You always think that you know what to expect from the Goodwood Festival of Speed. A plethora of Formula 1 stars, new cars being debuted and the noise (oh, the noise) of thundering horsepower screaming up the famous driveway. But Lord March and his team were there to delight and surprise in what was the 25th hosting of the annual show. Here is Borro Blog’s Goodwood Festival of Speed 2017 review.
Goodwood Festival of Speed 2017’s Honouree
And again, Goodwood displayed another stunning sculpture in front of the house, albeit this year, for the first time, it celebrated the life and career of an individual rather than a marque, despite it being Ferrari’s 70th year. No, we were treated to the 5 career stages of the enigmatic and mostly controversial Bernie Ecclestone. Despite his diminutive stature, Bernie always commands a huge presence wherever he goes, and walking into the relatively quiet Bonhams marquee, that was definitely needed.
Recapping Goodwood Festival of Speed 2017’s Auction
The auction houses haven’t really set the world alight in 2017, and nowhere was this more evident than here at Goodwood. Despite a healthy catalogue, the content was lacking in real pizzazz. With no proper “star car” to headline the sale, the silence in the room could only be put down to the lack of numbers present. Possibly buoyed by the prices that historic Porsches have been attracting of late, the headline car was a very pretty, but unremarkable 1957 356 Carrera Speedster. One of only 3 right hand drive cars built, the little Porsche lacked matching numbers and had been subject of a full restoration which included other, non-original, enhancements just a few years ago. Sitting there, it almost looked too new, and yet the bidding soared to £820,000 when the car was hammered. Some £80,000 less than its lower estimate. A true testament to people liking originality in their cars these days.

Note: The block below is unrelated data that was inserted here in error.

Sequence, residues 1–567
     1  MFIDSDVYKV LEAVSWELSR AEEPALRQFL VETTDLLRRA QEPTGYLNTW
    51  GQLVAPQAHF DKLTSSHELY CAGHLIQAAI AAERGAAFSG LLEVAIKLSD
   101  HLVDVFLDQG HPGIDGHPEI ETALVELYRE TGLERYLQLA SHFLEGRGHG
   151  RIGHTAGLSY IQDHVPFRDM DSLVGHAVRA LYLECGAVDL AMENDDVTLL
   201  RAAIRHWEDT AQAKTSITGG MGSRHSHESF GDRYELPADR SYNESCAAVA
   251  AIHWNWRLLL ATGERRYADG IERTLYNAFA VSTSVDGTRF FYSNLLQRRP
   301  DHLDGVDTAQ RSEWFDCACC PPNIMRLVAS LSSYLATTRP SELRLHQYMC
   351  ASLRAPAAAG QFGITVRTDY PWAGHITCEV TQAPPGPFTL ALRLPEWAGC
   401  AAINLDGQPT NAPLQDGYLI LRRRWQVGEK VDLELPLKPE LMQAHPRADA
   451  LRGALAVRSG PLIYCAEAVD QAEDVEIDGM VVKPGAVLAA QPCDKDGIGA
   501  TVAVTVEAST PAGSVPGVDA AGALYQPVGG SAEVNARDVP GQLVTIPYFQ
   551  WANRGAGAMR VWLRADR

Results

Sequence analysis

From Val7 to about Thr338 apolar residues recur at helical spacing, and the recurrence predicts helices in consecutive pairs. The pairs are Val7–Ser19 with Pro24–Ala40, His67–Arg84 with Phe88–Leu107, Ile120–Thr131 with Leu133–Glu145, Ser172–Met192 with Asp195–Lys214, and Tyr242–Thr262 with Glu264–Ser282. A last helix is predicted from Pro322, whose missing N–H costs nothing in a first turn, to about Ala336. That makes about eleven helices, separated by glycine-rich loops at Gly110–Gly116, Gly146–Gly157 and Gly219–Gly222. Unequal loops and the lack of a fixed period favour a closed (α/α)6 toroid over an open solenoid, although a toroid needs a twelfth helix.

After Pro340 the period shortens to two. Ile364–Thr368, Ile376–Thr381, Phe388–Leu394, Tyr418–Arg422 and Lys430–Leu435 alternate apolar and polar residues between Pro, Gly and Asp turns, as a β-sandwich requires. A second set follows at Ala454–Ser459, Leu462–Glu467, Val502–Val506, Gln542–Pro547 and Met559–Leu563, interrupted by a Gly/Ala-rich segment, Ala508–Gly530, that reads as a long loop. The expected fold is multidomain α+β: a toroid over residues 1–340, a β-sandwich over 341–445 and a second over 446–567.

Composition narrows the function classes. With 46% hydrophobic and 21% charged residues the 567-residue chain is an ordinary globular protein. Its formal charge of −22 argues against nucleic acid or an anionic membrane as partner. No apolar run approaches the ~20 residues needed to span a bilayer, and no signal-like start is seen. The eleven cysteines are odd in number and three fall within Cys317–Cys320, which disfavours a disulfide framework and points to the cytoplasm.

This seemed to be the theme of the sale. Whether estimates were set a little on the high side to attract more cars, who knows, but what was apparent was the room wasn’t buying that. Literally. Did this then mean there were bargains to be had? Well, in some ways, yes. If you can call £300,000 a bargain, which was what the 1957 Aston Martin DB2/4 MKIII prototype made. Despite its ‘DP’ (Design Project) title, an entry in the 1958 Monte Carlo Rally driven by Raymond Baxter, and current ownership for 33 years, the baby blue Aston really deserved a much higher price in my opinion. As did the similarly-hued 1957 Porsche 356A Rally Car with no less than 4 Carrera Panamerica events under its belt. Just £44,000 would have bought you that little gem.
Many commented that the RHD 1972 Ferrari 365 GTB/4 Daytona looked good value at £480,000 (lower estimate of £500,000), but the fact remained that it had received a colour change in its life (From Argento Silver to the predictable Rosso Corsa) and didn’t have any word of a Ferrari Classiche certificate to help authenticate it. Maybe not that much of a bargain then.
There was the predictable array of “new-era” classics too with 2 Porsche 964-Type 911 Turbos, a 996-era car and a Ferrari Testarossa. I will stand by what I always say that these cars are still too new to be auction house stock, and will sell much better from a dealer’s showroom. Unfortunately, by their insistence of having them in their catalogues, all the auction houses have achieved is depressing the market for these cars through no-sales, or low hammer bids.
However, fear not, as this was, refreshingly, an auction for true enthusiasts, and there was certainly enthusiastic bidding between our aforementioned celebrity and a determined lady who took the price of a lovely Series 1 Jaguar E-Type Roadster to £230,000. This original RHD example became the Property of a Lady for sure.
Although significantly more expensive, the simply beautifully elegant 1914 Rolls Royce 40/50hp Silver Ghost Open Tourer once owned by Indian Royalty deserved every one of the £490,000 it made. Great provenance and history will always outweigh shiny paint in my mind, and despite a restoration, this car oozed with tales of the Maharana of Udaipur, its illustrious first keeper.
All in all, the weather of the weekend was a real reflection of the sale. A bit overcast and dull, but with sunny spells in between. What is very evident however is that buyers are much more aware of values than ever before, and no-one is going to pay Grade A money for a Grade C car.
Not even Bernie.